Treating the causes of disengagement, not just the symptoms
30th May 2017
Your employees are often the face of your business, meeting with customers, liaising with suppliers and making strategic sales and marketing decisions. What happens though, if those employees are disengaged from your business? According to a recent study only 25% of the UK workforce feel actively engaged in their job.
What’s the problem?
This clearly has an impact on the business as a whole, and when three quarters of staff are lacking in motivation, productivity takes a huge hit. A survey by the Hay Group believes disengaged staff cost the UK economy a whopping £360bn a year.
Understanding what your employees are disengaged from is the first step in solving the problem. Is it the overall business goals and strategy? Are they struggling to understand the business model? Jaded by false sales claims? Or is it the people and managers causing the problem? Are employees pitted against each other to the point of ruining relationships? Is management lacking leadership?
Communication is key
The next step is to focus on effective dialogue with staff; one way to avoid disengagement is to ensure that there’s a consistent framework of dialogue, both one on one and as a team.
Communication is vital in any business, but often it becomes a victim of corporate culture and loses the human touch over time. Companies need to know both what to communicate and how to do it in every different scenario; this will change from business to business and person to person. So rather than simply having quarterly review meetings which last a matter of minutes and have no real structure, develop a framework of regular communication with key points for discussion based on the person and their position. It’s important for this not to become a script though! Creating the right environment The workplace itself and the overall culture of a company is a significant aspect of employee engagement. Creating an environment with a crystal clear purpose, where every role’s parameters are clearly understood should be a basic of the culture. Ensuring that each employee has the necessary resources for success and a compelling focus on performance and development is absolutely essential for an engaged and motivated workforce.
The Gazing approach
Our three key things to consider when tacking the issue of employee engagement:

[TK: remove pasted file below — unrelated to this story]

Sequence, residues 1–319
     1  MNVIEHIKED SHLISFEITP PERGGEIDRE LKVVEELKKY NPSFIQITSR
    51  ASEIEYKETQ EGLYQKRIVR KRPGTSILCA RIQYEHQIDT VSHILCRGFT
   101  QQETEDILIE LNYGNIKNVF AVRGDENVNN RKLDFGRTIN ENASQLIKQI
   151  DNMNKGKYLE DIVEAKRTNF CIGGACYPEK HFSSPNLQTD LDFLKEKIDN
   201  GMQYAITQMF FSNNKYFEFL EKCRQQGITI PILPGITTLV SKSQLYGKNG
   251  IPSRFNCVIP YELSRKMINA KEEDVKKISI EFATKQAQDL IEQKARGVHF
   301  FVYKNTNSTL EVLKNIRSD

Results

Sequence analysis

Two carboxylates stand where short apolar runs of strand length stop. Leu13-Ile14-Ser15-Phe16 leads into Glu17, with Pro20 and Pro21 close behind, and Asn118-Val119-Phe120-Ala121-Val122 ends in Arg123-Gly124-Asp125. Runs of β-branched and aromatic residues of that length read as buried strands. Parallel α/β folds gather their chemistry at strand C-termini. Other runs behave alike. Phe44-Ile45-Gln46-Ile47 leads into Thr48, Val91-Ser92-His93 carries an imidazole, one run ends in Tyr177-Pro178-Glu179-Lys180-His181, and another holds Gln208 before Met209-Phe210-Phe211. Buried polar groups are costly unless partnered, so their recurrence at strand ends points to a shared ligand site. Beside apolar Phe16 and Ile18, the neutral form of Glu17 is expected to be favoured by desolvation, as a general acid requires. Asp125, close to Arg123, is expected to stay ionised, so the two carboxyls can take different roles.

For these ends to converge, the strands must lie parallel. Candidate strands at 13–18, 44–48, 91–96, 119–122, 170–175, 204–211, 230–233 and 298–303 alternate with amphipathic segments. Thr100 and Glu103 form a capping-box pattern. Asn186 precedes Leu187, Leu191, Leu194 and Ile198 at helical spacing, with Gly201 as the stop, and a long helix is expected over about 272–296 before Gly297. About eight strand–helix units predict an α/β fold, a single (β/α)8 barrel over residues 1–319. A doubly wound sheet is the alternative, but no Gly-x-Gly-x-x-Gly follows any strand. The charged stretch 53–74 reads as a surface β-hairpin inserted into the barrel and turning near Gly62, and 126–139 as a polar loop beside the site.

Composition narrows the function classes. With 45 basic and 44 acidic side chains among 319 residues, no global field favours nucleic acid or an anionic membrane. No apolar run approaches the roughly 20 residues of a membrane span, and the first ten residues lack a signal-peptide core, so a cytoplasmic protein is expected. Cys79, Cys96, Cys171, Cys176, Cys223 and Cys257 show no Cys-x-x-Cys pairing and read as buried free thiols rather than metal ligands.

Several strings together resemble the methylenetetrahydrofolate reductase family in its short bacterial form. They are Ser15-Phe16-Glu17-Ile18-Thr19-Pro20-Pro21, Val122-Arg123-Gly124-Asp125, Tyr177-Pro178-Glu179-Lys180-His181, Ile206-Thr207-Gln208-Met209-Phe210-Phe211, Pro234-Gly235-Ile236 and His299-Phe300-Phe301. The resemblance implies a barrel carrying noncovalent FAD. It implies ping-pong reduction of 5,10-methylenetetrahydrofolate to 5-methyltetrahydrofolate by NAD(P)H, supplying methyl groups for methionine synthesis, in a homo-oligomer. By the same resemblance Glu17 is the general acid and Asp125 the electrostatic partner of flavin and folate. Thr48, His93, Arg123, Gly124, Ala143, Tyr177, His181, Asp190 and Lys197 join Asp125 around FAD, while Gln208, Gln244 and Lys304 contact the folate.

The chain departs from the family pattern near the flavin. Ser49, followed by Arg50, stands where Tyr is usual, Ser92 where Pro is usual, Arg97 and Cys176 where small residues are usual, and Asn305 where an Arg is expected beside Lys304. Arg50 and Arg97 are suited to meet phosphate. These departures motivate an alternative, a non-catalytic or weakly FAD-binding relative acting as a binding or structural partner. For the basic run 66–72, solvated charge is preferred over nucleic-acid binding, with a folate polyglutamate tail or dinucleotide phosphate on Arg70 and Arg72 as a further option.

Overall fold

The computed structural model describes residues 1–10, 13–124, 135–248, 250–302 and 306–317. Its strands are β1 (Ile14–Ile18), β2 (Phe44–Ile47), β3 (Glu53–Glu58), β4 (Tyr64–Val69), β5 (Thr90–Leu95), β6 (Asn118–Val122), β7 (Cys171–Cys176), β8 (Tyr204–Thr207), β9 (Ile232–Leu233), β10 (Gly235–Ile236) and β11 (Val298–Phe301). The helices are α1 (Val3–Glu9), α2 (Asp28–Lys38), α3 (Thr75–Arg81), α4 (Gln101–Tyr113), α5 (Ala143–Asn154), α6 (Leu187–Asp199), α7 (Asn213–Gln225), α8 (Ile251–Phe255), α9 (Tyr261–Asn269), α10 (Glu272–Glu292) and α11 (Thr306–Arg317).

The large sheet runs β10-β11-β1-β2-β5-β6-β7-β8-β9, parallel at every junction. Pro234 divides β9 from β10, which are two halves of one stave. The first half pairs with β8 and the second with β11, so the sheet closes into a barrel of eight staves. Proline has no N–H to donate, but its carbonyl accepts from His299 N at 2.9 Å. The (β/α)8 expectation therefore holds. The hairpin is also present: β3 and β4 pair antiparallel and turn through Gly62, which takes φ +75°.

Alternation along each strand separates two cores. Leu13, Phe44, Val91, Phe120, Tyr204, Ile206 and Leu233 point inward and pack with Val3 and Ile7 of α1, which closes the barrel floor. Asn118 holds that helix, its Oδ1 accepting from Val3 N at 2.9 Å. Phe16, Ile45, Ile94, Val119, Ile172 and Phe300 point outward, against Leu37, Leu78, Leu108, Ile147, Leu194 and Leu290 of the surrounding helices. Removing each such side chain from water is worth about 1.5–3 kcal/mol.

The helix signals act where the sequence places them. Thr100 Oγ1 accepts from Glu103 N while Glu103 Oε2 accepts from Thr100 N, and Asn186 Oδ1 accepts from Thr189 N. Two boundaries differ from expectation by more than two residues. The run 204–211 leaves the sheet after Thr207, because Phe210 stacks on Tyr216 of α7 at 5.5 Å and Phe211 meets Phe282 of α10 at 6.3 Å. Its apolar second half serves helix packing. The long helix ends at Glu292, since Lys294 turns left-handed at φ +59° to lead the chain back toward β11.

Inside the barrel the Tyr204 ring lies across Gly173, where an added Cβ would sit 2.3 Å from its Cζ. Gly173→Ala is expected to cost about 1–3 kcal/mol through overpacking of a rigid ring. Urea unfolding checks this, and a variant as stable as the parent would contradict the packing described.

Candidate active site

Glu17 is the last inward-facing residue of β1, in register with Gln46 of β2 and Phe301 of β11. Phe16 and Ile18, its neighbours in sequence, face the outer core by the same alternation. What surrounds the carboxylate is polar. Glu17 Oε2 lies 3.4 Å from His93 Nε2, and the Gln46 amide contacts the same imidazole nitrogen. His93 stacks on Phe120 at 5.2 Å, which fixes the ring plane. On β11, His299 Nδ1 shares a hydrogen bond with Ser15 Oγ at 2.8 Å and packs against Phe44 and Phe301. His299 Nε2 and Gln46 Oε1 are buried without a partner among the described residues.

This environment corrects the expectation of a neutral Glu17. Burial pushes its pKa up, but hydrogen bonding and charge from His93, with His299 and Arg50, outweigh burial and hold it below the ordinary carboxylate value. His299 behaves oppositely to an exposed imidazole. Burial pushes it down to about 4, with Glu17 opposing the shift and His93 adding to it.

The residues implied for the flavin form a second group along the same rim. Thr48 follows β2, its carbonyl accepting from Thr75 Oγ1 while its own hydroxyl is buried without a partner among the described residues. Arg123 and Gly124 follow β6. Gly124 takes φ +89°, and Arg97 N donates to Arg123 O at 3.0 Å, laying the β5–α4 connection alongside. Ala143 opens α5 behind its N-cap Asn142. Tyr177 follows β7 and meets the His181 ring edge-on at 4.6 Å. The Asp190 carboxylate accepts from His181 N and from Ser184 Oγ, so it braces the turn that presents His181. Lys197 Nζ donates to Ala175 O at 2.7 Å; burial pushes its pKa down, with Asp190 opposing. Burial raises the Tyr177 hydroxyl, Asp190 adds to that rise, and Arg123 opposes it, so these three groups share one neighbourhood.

1. Think like House If you’ve ever watching Hugh Laurie in the series House, M.D., you’ll know what we mean. Rather than simply treating the symptoms, House looks at what the underlying cause that links them all could be. Don’t simply try to ‘fix’ disengaged employees – or worse, get rid of them! – find out where the disengagement is stemming from and solve that problem first.
2. Coaching is one solution Coaching is often the default when employees aren’t performing at their peak. It is certainly effective and will take into account many of the symptoms, however it isn’t suitable in all situations and it shouldn’t be used as a one-size-fits-all Band-Aid.
3. Dialogue not monologue This is often the problem with review meetings, they turn into a manager’s review of the employee and there is little opportunity for dialogue. Getting employees to talk can be akin to getting conversation out of a sullen teenager, however that line of communication can be vital in understanding why disengagement is occurring and the levels at which it is impacting the business.
Whilst phrases like ‘job satisfaction’ may be dismissed, employee engagement is a huge challenge for businesses and one which could give them a competitive advantage if approached correctly. The basis for sustainable engagement of employees comes down to two key components, overview and detail - a deliberate focus on building the elements of a high performing environment and focusing in detail on communications – minimising the risk of disengagement and increasing productivity and staff retention.